|Publication number||US4806912 A|
|Application number||US 07/064,881|
|Publication date||Feb 21, 1989|
|Filing date||Jun 19, 1987|
|Priority date||Jun 19, 1987|
|Publication number||064881, 07064881, US 4806912 A, US 4806912A, US-A-4806912, US4806912 A, US4806912A|
|Inventors||Robert A. Clack|
|Original Assignee||Clack Robert A|
|Export Citation||BiBTeX, EndNote, RefMan|
|Patent Citations (6), Referenced by (37), Classifications (10), Legal Events (3)|
|External Links: USPTO, USPTO Assignment, Espacenet|
The present invention is directed generally to liquid conductivity monitoring systems, and more particularly to an improved monitoring system for a reverse osmosis liquid purification system.
Reverse osmosis systems have come into wide use for removing impurities in water. In such systems, a flow of water is caused to pass through a semi-permeable membrane. Dissolved impurities, including ionic particles, are trapped by the membrane, so that water downstream of the membrane is free of the impurities and has a lower ion concentration than water upstream of the membrane.
To preclude the undetected presence of impurities in the output product, such as might occur upon rupture or deterioriation of the membrane of a reverse osmosis system, it is desirable that the system be continuously monitored and an unambiguous signal be given to the operation upon malfunction of the system. Since the conductivity of the aqueous solution undergoing purification is approximately proportional to dissolved ion concentration, which is in turn dependent on the performance of the reverse osmosis filter, an indication of system performance can be had by comparing water conductivity upstream of the filter with water conductivity downstream of the filter.
Various monitoring systems have been proposed using water conductivity including those shown in U.S. Pat. Nos. 4,587,518, 4,528,093, 4,498,982, 4,496,906 and 4,028,666. U.S. Pat. No. 4,496,906, which is a prior patent of the present inventor, in addition describes a novel two light indicator system for indicating water conductivity above or below a predetermined threshold level at a single monitoring location. The present invention is directed to an improved monitoring system for a reverse osmosis liquid processing system which is economical and reliable, and provides the user with an unambiguous indication of satisfactory system operation.
Accordingly, it is a general object of the present invention to provide a new and improved monitoring system for a liquid purification system of the type having an inline membrane.
It is a more specific object of the present invention to provide a monitoring system for a liquid purification system which is simple and reliable in construction, and which provides an unambiguous indication of unsatisfactory system operation.
The invention is directed to a monitoring system for a liquid purification system of the type having an inline membrane. The monitoring system includes a first conductivity cell comprising a first pair of electrodes disposed in the liquid at a first location upstream of the membrane and a second conductivity cell comprising a second pair of electrodes disposed in the liquid at a second location downstream of the membrane. Oscillator means provide an alternating sensing signal. The first pair of electrodes is connected in series with the second pair of electrodes, and the series-connected electrode pairs are connected across the output of the oscillator means. Amplifier circuit means responsive to the sensing signal developed across one of said electrode pairs produce a control signal indicative of the relative liquid conductivity between the cells falling below a predetermined threshold level, and output circuit means responsive to the control signal produce a user-discernible indication of malfunction of the liquid purification system.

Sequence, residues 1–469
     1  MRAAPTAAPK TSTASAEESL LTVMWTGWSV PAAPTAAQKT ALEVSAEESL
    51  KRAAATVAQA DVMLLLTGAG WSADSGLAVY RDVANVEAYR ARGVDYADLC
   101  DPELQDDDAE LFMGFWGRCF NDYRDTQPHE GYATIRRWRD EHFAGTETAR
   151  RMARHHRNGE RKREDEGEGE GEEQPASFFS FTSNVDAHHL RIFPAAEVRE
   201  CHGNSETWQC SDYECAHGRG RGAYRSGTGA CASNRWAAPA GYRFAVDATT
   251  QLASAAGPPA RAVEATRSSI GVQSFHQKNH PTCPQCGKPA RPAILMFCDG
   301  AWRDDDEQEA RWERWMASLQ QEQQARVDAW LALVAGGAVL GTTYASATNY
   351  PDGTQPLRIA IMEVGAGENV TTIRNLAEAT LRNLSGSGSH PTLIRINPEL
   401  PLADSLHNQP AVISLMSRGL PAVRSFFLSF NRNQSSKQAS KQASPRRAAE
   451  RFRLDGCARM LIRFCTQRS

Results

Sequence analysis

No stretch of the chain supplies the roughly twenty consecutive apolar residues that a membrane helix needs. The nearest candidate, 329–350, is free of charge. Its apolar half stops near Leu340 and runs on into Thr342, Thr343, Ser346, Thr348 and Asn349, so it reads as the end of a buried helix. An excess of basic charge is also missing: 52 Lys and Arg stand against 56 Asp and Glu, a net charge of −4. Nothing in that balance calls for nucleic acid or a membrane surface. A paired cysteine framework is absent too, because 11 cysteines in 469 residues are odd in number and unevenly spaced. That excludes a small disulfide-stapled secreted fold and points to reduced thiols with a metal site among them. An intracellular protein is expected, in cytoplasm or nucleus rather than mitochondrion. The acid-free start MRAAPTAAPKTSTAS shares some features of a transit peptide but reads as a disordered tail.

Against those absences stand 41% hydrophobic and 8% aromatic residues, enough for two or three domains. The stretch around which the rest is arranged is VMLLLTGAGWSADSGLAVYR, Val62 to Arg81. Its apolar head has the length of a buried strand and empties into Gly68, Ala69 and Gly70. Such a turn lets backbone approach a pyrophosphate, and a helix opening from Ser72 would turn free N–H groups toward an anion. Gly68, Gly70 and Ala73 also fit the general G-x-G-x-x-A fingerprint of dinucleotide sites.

The features of the present invention which are believed to be novel are set forth with particularity in the appended claims. The invention, together with the further objects and advantages thereof, may best be understood by reference to the following description taken in conjunction with the accompanying drawings, in the several figures of which like reference numerals identify like elements, and in which:
FIG. 1 is a perspective view of a monitoring system constructed in accordance with the invention installed on a water purification system having an inline membrane.
FIG. 2 is a perspective view of a conductivity measurement cell constructed in accordance with the invention and installed upline and downline of the membrane in the water purification system of FIG. 1.
FIG. 3 is an enlarged cross-sectional view of the conductivity measurement cell taken along line 3--3 of FIG. 2.
FIG. 4 is a cross-sectional view of the conductivity measurement cell taken along line 4--4 of FIG. 3.
FIG. 5 is a simplified electrical schematic diagram of the monitoring system of the invention.
Referring to the Figures, and particularly to FIG. 1, a monitoring system 10 constructed in accordance with the invention for use in conjunction with a water purification construction is seen to include generally a first water conductivity measurement cell assembly 12, a second water conductivity measurement cell assembly 13, a circuit module 14 and a power supply 15. Cell assembly 12 is connected to circuit module 14 by a cable 16, cell assembly 13 is connected to circuit module 14 by a cable 17, and circuit module 14 is connected to power supply module 15 by a cable 18.
Circuit module 14 includes an integral bracket 20 of conventional construction for the purpose of mounting the module to a supporting surface (not shown). The power supply module 15 includes projecting contacts 21 for insertion into a standard AC electrical receptacle.
Satisfactory operation of the water purification system 11 is indicated by a green light emitting diode (LED) 22 on the front panel of circuit module 14. Unsatisfactory operation is indicated by an amber LED 23 on the same surface. In operation, either the green LED 22 is lit, signifying satisfactory operation, or the amber LED 23 is lit, signifying unsatisfactory operation. In addition, as will be developed, external devices such as remote indicator lamps, relays and/or buzzers may be provided if required.